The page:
At SiteLock, we partner with the largest hosting providers around the world to secure more than 6 million websites. In speaking with all of our customers, we often get asked, “What is the difference between the security provided by my host vs. the security provided by SiteLock?”
It’s important to understand that your website isn’t entirely protected by your hosting provider, and despite being hosted in a secure server environment, your website is still at risk of cyberthreats without the proper website security.
SiteLock is expanding the network behind our web application firewall, TrueShield, and our content delivery network, TrueSpeed. To accommodate our growing customer base, we’re adding over 130,000 new unique IP addresses on May 1st, 2017. This will require some customers to make changes to their firewall or web server configuration to ensure our new servers are compatible with your website’s hosting server. If these changes are not made by May 1st, 2017, your site visitors may be restricted from accessing your website.
Last year we published an #AskSecPro series where we explained how signature-based malware analysis works, as well as how traditional signatures are created. An area we don’t often talk about in public channels, but has played a pivotal role in SiteLock becoming a global leader in website security solutions, is our research and development efforts in new security technologies. In addition to our more traditional approaches to malware detection, SiteLock continues to explore new frontiers in technological improvement to push the field of security research forward. For some time SiteLock has been developing machine learning mechanisms as part of its process for discovering new malware iterations on an automatic basis. Our research in the field has shown that machine learning promises to be an important part of early malware detection and preliminary identification. One of the most significant breakthroughs we’ve had in machine learning as it pertains to malware detection and signatures, has been in feature-based signature analysis.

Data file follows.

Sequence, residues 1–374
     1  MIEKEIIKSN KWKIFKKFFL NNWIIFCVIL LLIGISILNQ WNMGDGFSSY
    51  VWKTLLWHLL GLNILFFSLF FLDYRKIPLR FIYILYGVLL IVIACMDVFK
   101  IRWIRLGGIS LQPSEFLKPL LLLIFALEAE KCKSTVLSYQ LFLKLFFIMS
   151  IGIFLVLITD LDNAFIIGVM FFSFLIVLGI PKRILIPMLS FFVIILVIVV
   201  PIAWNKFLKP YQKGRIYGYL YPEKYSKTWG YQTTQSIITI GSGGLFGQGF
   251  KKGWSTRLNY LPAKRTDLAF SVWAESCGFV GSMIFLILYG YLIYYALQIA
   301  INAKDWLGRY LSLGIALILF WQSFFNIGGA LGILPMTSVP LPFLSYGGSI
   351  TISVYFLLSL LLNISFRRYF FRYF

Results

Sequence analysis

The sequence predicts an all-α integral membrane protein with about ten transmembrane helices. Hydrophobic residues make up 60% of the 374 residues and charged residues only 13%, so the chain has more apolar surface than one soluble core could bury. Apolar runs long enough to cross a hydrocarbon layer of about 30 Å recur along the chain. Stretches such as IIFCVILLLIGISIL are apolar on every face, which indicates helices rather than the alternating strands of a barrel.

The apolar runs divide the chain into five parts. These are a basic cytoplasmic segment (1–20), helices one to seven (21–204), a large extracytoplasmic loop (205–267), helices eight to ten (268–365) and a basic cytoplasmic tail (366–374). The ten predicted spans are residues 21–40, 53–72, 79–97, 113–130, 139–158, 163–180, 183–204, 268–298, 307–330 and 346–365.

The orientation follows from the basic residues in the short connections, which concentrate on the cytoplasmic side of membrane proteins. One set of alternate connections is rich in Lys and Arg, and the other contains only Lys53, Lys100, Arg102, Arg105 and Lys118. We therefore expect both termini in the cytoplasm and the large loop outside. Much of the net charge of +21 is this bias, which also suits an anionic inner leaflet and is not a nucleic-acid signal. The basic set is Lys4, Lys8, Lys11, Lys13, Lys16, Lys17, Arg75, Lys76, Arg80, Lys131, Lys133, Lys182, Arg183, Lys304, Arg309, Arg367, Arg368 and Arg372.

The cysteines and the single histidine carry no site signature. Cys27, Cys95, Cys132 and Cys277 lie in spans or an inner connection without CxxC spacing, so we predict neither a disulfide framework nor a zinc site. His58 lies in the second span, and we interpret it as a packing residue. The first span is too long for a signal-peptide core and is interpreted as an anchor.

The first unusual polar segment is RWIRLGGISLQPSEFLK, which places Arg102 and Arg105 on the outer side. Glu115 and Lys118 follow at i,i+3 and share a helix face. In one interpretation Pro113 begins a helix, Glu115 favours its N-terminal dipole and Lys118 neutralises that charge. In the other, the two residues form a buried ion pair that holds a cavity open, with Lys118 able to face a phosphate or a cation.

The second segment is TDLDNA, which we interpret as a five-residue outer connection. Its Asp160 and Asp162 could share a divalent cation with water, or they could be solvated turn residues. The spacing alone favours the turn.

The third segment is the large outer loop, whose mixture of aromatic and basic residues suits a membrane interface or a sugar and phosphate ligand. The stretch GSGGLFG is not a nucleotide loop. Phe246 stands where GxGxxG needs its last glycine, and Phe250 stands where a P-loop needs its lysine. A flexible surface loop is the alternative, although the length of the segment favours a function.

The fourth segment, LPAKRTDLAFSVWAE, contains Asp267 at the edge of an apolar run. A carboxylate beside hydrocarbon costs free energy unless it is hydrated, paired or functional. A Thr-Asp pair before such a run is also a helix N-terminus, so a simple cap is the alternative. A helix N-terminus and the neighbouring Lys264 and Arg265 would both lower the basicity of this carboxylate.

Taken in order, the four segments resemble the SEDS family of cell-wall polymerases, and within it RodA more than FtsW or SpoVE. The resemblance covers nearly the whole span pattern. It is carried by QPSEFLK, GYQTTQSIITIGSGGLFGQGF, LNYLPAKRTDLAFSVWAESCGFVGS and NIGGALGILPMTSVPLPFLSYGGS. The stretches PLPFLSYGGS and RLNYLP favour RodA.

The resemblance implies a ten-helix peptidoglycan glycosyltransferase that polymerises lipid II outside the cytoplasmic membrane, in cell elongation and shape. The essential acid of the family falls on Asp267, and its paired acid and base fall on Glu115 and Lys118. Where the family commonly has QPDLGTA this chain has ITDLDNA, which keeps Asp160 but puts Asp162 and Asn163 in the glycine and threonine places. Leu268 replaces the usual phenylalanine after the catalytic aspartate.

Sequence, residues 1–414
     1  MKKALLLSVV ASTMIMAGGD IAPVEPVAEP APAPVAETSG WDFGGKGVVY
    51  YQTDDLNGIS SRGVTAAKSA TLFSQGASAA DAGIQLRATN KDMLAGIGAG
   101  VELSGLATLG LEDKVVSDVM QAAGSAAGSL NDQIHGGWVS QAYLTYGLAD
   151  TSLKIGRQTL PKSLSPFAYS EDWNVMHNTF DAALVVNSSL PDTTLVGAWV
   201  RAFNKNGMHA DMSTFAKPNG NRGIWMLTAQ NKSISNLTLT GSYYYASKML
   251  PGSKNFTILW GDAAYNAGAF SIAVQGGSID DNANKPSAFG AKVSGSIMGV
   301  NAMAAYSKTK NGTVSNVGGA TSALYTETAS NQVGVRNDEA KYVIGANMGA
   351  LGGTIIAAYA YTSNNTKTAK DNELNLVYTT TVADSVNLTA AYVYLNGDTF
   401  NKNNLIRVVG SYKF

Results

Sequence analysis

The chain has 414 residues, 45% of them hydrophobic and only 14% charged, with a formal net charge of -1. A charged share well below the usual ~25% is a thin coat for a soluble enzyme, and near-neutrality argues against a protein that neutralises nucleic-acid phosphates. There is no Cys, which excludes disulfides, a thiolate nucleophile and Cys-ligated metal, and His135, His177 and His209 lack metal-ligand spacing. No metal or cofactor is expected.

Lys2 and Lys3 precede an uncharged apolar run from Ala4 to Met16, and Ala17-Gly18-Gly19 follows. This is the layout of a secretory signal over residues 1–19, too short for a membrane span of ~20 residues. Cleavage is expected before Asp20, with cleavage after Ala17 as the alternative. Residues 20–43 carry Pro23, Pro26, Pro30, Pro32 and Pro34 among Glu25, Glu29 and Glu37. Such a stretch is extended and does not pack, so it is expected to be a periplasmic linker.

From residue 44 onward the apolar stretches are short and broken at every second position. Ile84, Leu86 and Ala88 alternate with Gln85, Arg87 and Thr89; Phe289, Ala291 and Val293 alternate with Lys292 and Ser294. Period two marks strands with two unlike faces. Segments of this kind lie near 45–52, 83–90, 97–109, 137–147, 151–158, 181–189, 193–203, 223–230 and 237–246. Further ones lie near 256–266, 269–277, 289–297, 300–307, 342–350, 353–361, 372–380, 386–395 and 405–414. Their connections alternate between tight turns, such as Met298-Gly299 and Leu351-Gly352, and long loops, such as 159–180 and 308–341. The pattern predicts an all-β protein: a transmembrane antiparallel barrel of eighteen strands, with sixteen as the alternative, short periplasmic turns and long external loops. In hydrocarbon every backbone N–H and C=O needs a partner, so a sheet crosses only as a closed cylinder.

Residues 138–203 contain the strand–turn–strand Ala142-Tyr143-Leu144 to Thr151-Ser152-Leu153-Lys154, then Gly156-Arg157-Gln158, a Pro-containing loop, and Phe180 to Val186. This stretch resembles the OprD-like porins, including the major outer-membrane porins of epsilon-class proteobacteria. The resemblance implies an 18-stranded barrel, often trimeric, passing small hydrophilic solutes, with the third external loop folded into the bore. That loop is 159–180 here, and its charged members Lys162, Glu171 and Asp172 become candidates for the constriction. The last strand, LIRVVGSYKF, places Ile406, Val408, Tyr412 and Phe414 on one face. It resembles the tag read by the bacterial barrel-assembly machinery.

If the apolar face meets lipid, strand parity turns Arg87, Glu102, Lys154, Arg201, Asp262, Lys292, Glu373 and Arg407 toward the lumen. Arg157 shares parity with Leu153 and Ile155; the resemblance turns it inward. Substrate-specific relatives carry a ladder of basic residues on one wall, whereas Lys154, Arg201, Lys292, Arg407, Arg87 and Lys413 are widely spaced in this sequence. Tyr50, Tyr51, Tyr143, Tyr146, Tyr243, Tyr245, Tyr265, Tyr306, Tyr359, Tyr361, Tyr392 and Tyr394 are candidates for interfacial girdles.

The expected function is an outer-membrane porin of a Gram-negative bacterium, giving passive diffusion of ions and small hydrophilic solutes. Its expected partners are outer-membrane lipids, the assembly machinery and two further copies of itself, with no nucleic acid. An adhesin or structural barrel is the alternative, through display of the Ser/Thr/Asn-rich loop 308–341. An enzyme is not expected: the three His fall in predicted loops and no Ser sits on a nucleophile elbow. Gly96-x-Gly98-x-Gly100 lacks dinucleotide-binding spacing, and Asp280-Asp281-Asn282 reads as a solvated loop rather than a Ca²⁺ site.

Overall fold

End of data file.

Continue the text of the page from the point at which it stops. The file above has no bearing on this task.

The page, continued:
We are excited to share that SiteLock has been named to the 2017 Gartner Magic Quadrant for Application Security Testing for the second year in a row! Designed to analyze and test applications for security vulnerabilities, application security testing (AST) is growing faster than any other security market, according to Gartner.
In Part One of our #AskSecPro series on WordPress Database Security, we learned about the anatomy of WordPress. Now that we have a firm understanding of the role the WordPress MySQL database plays in a WordPress installation, we can take a look at the various ways an adversary can exploit the mechanisms involved. We’ll also explore some of the ways to defend your database against compromise.
Over the last few days you may have heard the term #Cloudbleed thrown around the water cooler. Some of the questions our customers are asking us include, “What is Cloudbleed?” and “Am I protected from Cloudbleed?” As your resident Security Professional, I’ll be glad to help you to understand what the Cloudbleed buzz is all about and how it may impact you.
— First, I want to be very clear that the Cloudbleed bug does NOT impact SiteLock TrueShield™ WAF/CDN. More below.